It is time for Tauranga "to focus on our weaknesses", says Mayor Stuart Crosby following a new economic report that shows the city outperformed the rest of the country on 10 out of 11 indicators and continues to boom.
The data from Infometrics and commissioned by Priority One reveals Tauranga's economy grew by 3.5 per cent over the year to March 2016 and was broad-based across all indicators of spending and investment.
The statistics showed the unemployment rate fell to 5 per cent - the lowest since 2009 while Jobseeker support dropped 9 per cent. Net migration more than doubled to 1126 people in a year and retail spending increased by 6 per cent compared to 2.8 per cent in New Zealand.
On the housing front, highlights included a 45 per cent increase in building consents in 12 months and 34 per cent more house sales to March 2016 while prices jumped 23.7 per cent to $536,305.
The only indicator to stay the same as the national average was guest nights, which increased 5.7 per cent over the same time frames while traffic flow in the city soared by 7.9 per cent.
Mayor Crosby said the report provided more evidence that Tauranga "is on a strong growth path at the moment".
But there was room for improvement, he said.
"Now we need to focus on our weaknesses to alleviate some of them and not just concentrate on the strengths."
That included an inability to deliver transport options quickly enough and to make sure the job supply covered all the skill sets "so everyone can get a job, I'd like to see nobody unemployed".
Priority One projects manager Annie Hill said Tauranga and the wider Bay of Plenty was set up for the future.
"We are attracting good businesses to the sub-region and we are growing the businesses that are already here. As jobs grow, people living here will have better choices in terms of employment and there will be higher value jobs paying higher salaries."
But the two key areas of concern were the increase in traffic flow and the increase in house prices, "both of which go hand in hand with population growth and job growth".
Work and Income Bay of Plenty regional commissioner Mike Bryant said any upturn in the labour market was great.
"Often young people or those with manual skills are the first people who get affected when it's a downturn, so it's particularly good for them when it's strong."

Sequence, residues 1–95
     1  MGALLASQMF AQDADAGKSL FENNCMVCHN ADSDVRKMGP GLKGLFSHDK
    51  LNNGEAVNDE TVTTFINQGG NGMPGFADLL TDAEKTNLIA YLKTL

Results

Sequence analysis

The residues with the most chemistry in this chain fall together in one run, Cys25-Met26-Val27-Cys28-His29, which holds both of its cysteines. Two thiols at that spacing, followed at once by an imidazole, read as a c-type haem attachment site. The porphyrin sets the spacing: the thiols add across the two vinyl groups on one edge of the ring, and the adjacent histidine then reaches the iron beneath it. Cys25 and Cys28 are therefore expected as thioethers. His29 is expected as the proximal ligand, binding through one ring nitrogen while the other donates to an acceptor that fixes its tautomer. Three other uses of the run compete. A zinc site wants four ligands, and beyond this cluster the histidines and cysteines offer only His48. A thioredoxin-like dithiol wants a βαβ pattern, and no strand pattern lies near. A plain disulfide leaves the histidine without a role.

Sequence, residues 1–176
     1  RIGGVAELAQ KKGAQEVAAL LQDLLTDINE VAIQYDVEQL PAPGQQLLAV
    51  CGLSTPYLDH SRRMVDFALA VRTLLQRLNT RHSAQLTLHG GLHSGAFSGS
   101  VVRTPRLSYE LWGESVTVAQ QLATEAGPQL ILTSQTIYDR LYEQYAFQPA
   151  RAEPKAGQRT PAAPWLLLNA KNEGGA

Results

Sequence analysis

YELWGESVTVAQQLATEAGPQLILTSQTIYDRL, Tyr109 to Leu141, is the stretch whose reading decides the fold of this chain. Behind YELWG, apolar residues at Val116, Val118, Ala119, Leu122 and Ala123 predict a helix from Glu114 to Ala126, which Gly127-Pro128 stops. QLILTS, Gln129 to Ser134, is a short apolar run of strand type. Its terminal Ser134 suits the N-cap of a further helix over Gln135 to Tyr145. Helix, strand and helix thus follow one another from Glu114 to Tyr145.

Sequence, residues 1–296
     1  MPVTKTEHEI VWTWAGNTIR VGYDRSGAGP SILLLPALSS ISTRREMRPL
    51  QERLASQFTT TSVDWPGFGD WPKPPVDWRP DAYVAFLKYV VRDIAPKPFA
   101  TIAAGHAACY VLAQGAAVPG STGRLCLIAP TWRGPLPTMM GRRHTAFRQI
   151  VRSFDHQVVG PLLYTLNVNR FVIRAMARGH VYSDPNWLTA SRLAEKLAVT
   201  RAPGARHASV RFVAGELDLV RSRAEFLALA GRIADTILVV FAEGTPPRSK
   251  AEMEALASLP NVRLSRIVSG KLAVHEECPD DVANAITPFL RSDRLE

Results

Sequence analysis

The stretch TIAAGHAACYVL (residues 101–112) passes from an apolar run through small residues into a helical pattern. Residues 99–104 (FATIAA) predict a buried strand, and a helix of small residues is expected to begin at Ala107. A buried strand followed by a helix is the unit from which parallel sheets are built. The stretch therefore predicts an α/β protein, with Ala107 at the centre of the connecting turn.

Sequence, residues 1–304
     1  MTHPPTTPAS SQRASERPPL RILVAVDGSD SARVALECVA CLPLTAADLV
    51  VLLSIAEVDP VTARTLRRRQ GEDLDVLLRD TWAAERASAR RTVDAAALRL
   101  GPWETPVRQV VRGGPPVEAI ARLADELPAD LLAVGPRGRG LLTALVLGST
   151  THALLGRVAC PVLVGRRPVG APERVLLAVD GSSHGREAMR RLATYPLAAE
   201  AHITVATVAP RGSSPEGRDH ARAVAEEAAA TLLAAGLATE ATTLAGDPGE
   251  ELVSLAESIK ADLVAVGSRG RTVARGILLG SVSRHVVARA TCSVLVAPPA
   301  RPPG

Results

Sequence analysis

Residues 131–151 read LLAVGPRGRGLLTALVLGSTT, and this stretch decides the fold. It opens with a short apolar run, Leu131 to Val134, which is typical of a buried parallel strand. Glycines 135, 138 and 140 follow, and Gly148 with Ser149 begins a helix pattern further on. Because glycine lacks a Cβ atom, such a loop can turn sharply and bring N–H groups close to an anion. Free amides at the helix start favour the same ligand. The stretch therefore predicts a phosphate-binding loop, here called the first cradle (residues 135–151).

In Tauranga over the past year about 800 people came off Jobseeker which was good reduction, he said.
Bayfair centre manager Steve Ellingford said it was currently experiencing record customer visitation numbers, with more than 6 million people passing through the centre annually.
The continued growth of the local economy was a great source of confidence for retailers, he said.
The Infometrics report also showed 6946 cars were registered in Tauranga up 7.1 per cent while commercial vehicle registrations jumped 14.9 per cent.
Farmer Autovillage managing director Mike Farmer said commercial vehicle sales were strong as it was a lot cheaper to run a late model fleet than to try chug along with an older fleet which could cost more in fuel and maintenance costs.
In his view, the motoring industry would be relatively stable for 2016 and he did not expect any major increases on last year.
Ross Stanway, chief executive of Eves and Bayleys Real Estate said both the house price and volume increase was well above the national average and had been tracking that way for sometime.
"More people are coming here to reside and the encouraging thing is that is reflected in the increase in job numbers and the employment rate suggests many of them are coming for jobs and careers. They are purchasing houses which is driving house prices up and the volumes, it is as simple as that."
Tauranga Chamber of Commerce chief executive Stan Gregec said Tauranga was on a roll and has some real staying power.
"Most businesses are flat out, and many are struggling to meet demand. Tauranga seems to have been well and truly discovered - and has all the advantages for business location and attraction of people who want to come and live and work here."
It only looks good from here on, he said.